Quick Look
Grade Level: 8 (68)
Time Required: 45 minutes
Lesson Dependency:
Subject Areas: Data Analysis and Probability, Physical Science, Physics
Summary
Students do work by lifting a known mass over a period of time. The mass and measured distance and time is used to calculate force, work, energy and power in metric units. The students' power is then compared to horse power and the power required to light 60watt light bulbs.Engineering Connection
The basic concepts of work, force, energy and power are fundamental physics concepts utilized in many engineering calculations and design. Every engineered device that moves, lifts or pushes requires energy. Engineers must know how to calculate the power and energy needed to do the necessary work or provide the required heat. Most of the world uses metric units to quantify engineering terms. But the US is still one of the few countries that performs some of its engineering work in the old British system units. Metric units are all based on fundamental physics quantities, which makes the metric joule, newton and watt much easier to use and calculate than the British BTU (British thermal unit), horse power, pound force and slug.
Learning Objectives
After the activity, students should be able to:
 Define and contrast energy, work and power.
 Given mass, distance, and time, calculate work, force and power using appropriate units.
 Given the conversion equations, convert between horsepower and kilowatts.
 Use measurement tools to apply the concepts of work, power and energy to a real life example.
Educational Standards
Each TeachEngineering lesson or activity is correlated to one or more K12 science,
technology, engineering or math (STEM) educational standards.
All 100,000+ K12 STEM standards covered in TeachEngineering are collected, maintained and packaged by the Achievement Standards Network (ASN),
a project of D2L (www.achievementstandards.org).
In the ASN, standards are hierarchically structured: first by source; e.g., by state; within source by type; e.g., science or mathematics;
within type by subtype, then by grade, etc.
Each TeachEngineering lesson or activity is correlated to one or more K12 science, technology, engineering or math (STEM) educational standards.
All 100,000+ K12 STEM standards covered in TeachEngineering are collected, maintained and packaged by the Achievement Standards Network (ASN), a project of D2L (www.achievementstandards.org).
In the ASN, standards are hierarchically structured: first by source; e.g., by state; within source by type; e.g., science or mathematics; within type by subtype, then by grade, etc.
NGSS: Next Generation Science Standards  Science
NGSS Performance Expectation  

MSPS32. Develop a model to describe that when the arrangement of objects interacting at a distance changes, different amounts of potential energy are stored in the system. (Grades 6  8) Do you agree with this alignment? 

Click to view other curriculum aligned to this Performance Expectation  
This lesson focuses on the following Three Dimensional Learning aspects of NGSS:  
Science & Engineering Practices  Disciplinary Core Ideas  Crosscutting Concepts 
Develop a model to describe unobservable mechanisms. Alignment agreement:  A system of objects may also contain stored (potential) energy, depending on their relative positions. Alignment agreement: When two objects interact, each one exerts a force on the other that can cause energy to be transferred to or from the object.Alignment agreement:  Models can be used to represent systems and their interactions—such as inputs, processes and outputs—and energy and matter flows within systems. Alignment agreement:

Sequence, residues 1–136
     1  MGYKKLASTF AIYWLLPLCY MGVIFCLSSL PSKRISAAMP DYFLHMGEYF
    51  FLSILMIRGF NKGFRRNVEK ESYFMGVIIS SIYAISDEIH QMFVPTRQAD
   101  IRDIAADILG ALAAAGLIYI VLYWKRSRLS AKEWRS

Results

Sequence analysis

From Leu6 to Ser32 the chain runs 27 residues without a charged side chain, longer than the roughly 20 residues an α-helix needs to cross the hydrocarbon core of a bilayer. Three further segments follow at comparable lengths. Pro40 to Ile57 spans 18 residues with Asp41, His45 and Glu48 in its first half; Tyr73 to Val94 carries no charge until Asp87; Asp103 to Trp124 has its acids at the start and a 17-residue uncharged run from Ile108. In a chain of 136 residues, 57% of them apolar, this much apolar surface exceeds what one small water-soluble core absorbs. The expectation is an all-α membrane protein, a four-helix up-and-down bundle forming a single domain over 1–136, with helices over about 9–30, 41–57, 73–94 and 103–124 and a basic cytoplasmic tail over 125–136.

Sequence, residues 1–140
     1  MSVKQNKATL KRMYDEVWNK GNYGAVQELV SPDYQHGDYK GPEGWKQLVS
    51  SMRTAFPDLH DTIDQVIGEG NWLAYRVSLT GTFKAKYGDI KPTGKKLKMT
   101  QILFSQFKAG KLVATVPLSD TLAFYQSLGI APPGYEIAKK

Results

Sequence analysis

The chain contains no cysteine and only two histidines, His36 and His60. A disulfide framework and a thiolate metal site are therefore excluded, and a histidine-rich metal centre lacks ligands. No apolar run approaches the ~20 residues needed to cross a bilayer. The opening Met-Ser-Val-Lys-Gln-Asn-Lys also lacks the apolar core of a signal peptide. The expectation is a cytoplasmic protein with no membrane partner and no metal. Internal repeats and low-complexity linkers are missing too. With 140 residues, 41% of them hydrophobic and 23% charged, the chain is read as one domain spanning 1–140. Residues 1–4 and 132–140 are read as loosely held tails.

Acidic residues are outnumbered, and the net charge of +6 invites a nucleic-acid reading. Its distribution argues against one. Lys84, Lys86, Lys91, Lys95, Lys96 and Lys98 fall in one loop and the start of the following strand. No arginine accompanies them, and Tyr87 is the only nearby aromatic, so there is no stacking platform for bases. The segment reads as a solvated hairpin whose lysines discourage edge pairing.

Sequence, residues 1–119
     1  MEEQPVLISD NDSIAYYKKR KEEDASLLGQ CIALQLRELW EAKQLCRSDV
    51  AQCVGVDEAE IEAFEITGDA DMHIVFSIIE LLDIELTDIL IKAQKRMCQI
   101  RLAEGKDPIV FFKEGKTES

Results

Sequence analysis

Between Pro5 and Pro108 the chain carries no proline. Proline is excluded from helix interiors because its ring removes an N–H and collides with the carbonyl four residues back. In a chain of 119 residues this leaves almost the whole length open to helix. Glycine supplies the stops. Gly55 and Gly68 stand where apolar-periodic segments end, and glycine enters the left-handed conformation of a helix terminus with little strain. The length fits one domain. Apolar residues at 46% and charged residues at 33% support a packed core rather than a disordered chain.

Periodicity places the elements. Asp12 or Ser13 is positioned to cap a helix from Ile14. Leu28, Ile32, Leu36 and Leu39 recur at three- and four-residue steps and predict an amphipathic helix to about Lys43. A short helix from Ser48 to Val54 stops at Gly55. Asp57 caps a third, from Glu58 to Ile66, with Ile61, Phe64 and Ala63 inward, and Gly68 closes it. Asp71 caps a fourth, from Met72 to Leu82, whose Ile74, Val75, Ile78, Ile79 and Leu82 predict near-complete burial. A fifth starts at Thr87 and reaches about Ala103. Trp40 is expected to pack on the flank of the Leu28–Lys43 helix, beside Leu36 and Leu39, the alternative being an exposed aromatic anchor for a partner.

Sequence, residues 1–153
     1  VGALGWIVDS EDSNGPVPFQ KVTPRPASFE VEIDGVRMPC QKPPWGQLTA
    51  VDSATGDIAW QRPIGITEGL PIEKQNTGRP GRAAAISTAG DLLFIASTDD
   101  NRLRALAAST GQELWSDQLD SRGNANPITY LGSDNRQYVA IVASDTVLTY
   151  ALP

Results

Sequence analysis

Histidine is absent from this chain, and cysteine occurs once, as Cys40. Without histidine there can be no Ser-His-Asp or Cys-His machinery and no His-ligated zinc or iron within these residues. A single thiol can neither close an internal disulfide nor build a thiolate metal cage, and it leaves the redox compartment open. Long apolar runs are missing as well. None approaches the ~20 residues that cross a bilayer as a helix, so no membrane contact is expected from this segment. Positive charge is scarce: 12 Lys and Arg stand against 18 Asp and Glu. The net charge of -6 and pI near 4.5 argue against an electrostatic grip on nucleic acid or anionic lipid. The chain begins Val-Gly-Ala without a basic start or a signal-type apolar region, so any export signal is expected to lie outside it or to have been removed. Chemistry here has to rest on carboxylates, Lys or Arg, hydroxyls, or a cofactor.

Common Core State Standards  Math

Fluently divide multidigit numbers using the standard algorithm.
(Grade
6)
More Details
Do you agree with this alignment?

Solve realworld and mathematical problems by writing and solving equations of the form x + p = q and px = q for cases in which p, q and x are all nonnegative rational numbers.
(Grade
6)
More Details
Do you agree with this alignment?

Fluently add, subtract, multiply, and divide multidigit decimals using the standard algorithm for each operation.
(Grade
6)
More Details
Do you agree with this alignment?

Apply and extend previous understandings of multiplication and division and of fractions to multiply and divide rational numbers.
(Grade
7)
More Details
Do you agree with this alignment?
International Technology and Engineering Educators Association  Technology

Energy is the capacity to do work.
(Grades
6 
8)
More Details
Do you agree with this alignment?

Power is the rate at which energy is converted from one form to another or transferred from one place to another, or the rate at which work is done.
(Grades
6 
8)
More Details
Do you agree with this alignment?
State Standards
National Council of Teachers of Mathematics  Math

solve problems that arise in mathematics and in other contexts
(Grades
PreK 
12)
More Details
Do you agree with this alignment?

recognize and apply mathematics in contexts outside of mathematics
(Grades
PreK 
12)
More Details
Do you agree with this alignment?

use representations to model and interpret physical, social, and mathematical phenomena
(Grades
PreK 
12)
More Details
Do you agree with this alignment?

understand and use ratios and proportions to represent quantitative relationships
(Grades
6 
8)
More Details
Do you agree with this alignment?

understand the meaning and effects of arithmetic operations with fractions, decimals, and integers
(Grades
6 
8)
More Details
Do you agree with this alignment?

use the associative and commutative properties of addition and multiplication and the distributive property of multiplication over addition to simplify computations with integers, fractions, and decimals
(Grades
6 
8)
More Details
Do you agree with this alignment?

relate and compare different forms of representation for a relationship
(Grades
6 
8)
More Details
Do you agree with this alignment?

develop an initial conceptual understanding of different uses of variables
(Grades
6 
8)
More Details
Do you agree with this alignment?

use symbolic algebra to represent situations and to solve problems, especially those that involve linear relationships
(Grades
6 
8)
More Details
Do you agree with this alignment?

model and solve contextual problems using various representations, such as graphs, tables, and equations